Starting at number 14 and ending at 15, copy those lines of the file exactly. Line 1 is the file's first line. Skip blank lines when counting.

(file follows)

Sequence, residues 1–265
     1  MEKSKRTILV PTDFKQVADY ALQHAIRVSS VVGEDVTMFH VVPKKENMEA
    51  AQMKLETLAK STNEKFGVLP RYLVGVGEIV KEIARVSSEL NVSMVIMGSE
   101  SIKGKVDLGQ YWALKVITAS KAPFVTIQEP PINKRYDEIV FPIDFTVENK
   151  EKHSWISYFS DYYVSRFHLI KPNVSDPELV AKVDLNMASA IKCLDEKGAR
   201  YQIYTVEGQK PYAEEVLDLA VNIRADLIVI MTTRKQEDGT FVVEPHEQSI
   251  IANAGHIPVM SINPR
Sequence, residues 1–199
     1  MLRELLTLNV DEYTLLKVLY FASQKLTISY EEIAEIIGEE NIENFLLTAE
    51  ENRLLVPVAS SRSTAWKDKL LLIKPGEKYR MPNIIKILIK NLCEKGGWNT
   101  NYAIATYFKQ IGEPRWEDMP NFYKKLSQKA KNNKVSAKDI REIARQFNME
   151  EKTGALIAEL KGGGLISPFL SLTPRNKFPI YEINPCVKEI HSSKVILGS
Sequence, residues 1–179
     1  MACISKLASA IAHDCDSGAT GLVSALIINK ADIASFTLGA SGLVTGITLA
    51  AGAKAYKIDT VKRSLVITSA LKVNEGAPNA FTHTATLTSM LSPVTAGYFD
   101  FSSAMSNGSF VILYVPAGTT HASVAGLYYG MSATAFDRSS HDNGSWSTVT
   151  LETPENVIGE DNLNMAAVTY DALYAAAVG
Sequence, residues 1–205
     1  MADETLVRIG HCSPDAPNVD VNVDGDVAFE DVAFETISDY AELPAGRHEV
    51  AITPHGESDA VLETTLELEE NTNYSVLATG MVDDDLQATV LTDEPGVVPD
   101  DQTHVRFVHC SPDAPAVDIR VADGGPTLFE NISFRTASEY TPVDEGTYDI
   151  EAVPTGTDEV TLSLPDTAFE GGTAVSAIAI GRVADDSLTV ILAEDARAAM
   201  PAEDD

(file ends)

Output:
     1  MACISKLASA IAHDCDSGAT GLVSALIINK ADIASFTLGA SGLVTGITLA
    51  AGAKAYKIDT VKRSLVITSA LKVNEGAPNA FTHTATLTSM LSPVTAGYFD